Checking this “new to me” artist out.
Here’s a link to one of her songs.
I have been blessed throughout my life to know Christians from a variety of backgrounds, and, even now, I am working for a church in a denomination different than my own. I am grateful that God is big enough to reach people through His own means that I don’t always understand. I am also thankful that I don’t have to understand these things–God does.
Where I work, I run into people with big hearts who love Christ and His gospel. Do they agree with all my theological beliefs? No. Does that matter? No. We can agree on the things that are important, the things stated in the Apostles Creed:
I believe in God the Father, Almighty,
Maker of heaven and earth.
And in Jesus Christ, his only begotten Son, our Lord
Who was conceived by the Holy Ghost,
born of the virgin Mary,
suffered under Pontius Pilate,
was crucified, dead, and buried;
He descended into hell.
The third day He arose again from the dead;
He ascended into heaven,
and sitteth on the right hand of God the Father Almighty;
from thence he shall come to judge the quick and the dead.
I believe in the Holy Ghost;
the holy catholic church;
the communion of saints;
the forgiveness of sins;
the resurrection of the body;
and the life everlasting.
I can work alongside these brothers and sisters in Christ because of our shared beliefs in Christ and Him crucified, of Christ and His resurrection.
Living among so many Christians from different backgrounds for these many years has made me a bit sad. I am sad that we have to have so much conflict. Even within our denominations there is infighting. The very fact that the Christian church is split into many denominations and the sinful attitudes and mentalities that lead to such splits and perpetuate them is distressing. It is hard to see Christians so divided.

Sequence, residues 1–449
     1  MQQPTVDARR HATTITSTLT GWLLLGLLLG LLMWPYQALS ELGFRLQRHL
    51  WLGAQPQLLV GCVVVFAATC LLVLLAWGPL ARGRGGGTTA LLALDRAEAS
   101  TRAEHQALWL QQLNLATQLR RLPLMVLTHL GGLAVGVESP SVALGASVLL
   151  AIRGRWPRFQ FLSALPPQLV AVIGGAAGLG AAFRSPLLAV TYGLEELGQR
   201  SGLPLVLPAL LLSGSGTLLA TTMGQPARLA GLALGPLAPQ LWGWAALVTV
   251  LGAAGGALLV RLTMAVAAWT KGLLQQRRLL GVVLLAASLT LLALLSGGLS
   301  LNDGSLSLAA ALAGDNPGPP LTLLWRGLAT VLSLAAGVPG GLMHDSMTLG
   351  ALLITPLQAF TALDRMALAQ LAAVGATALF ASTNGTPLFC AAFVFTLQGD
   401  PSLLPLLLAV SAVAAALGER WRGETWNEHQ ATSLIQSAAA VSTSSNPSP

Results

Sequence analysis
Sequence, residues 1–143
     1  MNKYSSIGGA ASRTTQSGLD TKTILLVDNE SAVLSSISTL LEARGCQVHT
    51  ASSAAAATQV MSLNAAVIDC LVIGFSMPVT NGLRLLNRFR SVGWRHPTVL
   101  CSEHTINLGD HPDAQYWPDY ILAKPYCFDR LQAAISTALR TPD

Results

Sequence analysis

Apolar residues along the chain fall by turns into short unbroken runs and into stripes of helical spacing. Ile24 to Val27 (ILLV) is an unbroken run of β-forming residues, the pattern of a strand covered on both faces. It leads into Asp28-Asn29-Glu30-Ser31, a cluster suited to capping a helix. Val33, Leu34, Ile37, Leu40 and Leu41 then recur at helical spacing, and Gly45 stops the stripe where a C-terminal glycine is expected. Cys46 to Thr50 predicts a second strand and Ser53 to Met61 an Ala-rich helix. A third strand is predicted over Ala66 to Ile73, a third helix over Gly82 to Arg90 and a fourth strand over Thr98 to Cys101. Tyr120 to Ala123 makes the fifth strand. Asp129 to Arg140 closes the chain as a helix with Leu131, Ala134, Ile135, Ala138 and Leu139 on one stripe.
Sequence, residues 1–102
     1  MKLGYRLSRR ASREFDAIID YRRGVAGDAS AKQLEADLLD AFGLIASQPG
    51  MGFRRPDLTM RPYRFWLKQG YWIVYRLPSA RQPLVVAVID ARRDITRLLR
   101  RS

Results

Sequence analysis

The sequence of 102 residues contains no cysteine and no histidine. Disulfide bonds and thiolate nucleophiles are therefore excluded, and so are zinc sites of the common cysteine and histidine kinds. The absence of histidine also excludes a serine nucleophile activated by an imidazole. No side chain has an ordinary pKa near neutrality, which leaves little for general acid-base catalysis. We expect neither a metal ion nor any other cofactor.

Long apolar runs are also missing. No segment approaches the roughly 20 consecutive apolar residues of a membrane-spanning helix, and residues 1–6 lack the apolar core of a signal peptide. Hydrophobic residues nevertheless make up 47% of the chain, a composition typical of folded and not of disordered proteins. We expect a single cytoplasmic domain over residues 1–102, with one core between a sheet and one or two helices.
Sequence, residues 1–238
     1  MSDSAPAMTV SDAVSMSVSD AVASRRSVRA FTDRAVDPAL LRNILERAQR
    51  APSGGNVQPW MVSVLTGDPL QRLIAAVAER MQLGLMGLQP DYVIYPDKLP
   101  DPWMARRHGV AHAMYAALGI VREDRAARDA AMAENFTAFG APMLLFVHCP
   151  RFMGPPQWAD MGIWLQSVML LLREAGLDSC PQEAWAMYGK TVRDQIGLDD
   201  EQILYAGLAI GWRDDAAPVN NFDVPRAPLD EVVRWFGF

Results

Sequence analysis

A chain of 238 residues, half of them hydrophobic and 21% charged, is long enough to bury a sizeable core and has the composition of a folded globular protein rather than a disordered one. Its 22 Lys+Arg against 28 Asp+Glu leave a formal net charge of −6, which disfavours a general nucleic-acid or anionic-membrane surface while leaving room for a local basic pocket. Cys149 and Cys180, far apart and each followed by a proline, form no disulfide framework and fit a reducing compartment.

We can learn so much from each other about how to love more like Christ. May we be willing to put our love for Christ over of love of being right so we can spur each other on to love and good deeds.
Perhaps I should start with Mondays . . . Today was a beautiful Monday outside. In the throws of summer on the first of July, and the high temp was 78 degrees. What a wonderful alternative to the typical 95+ St Louis usually dishes out in the summer. It is worth reveling in this weather. Let’s savor it and enjoy it, as normal is almost certain to return very soon.
I worked today, as I do most Mondays. I was feeling a bit puny, and I had the proverbial rough day at the office, so I am not feeling like much of a Monday fan. But the day was redeemed by a movie with my youngest and jazz on youtube on my tv. Technology really is an amazing gift!
I am dying to see Joss Whedon’s Much Ado About Nothing. I have been thinking about it for over a month, and now, over a week has passed since it opened, and we still haven’t made it there. We are not the first-run movie sort of people, so this is not unusual. But this movie has several things going for it: 1. It’s Shakespeare. 2. Joss Whedon. 3. It looks so cool in its black and white hipness. To get you in the mood, check out this review.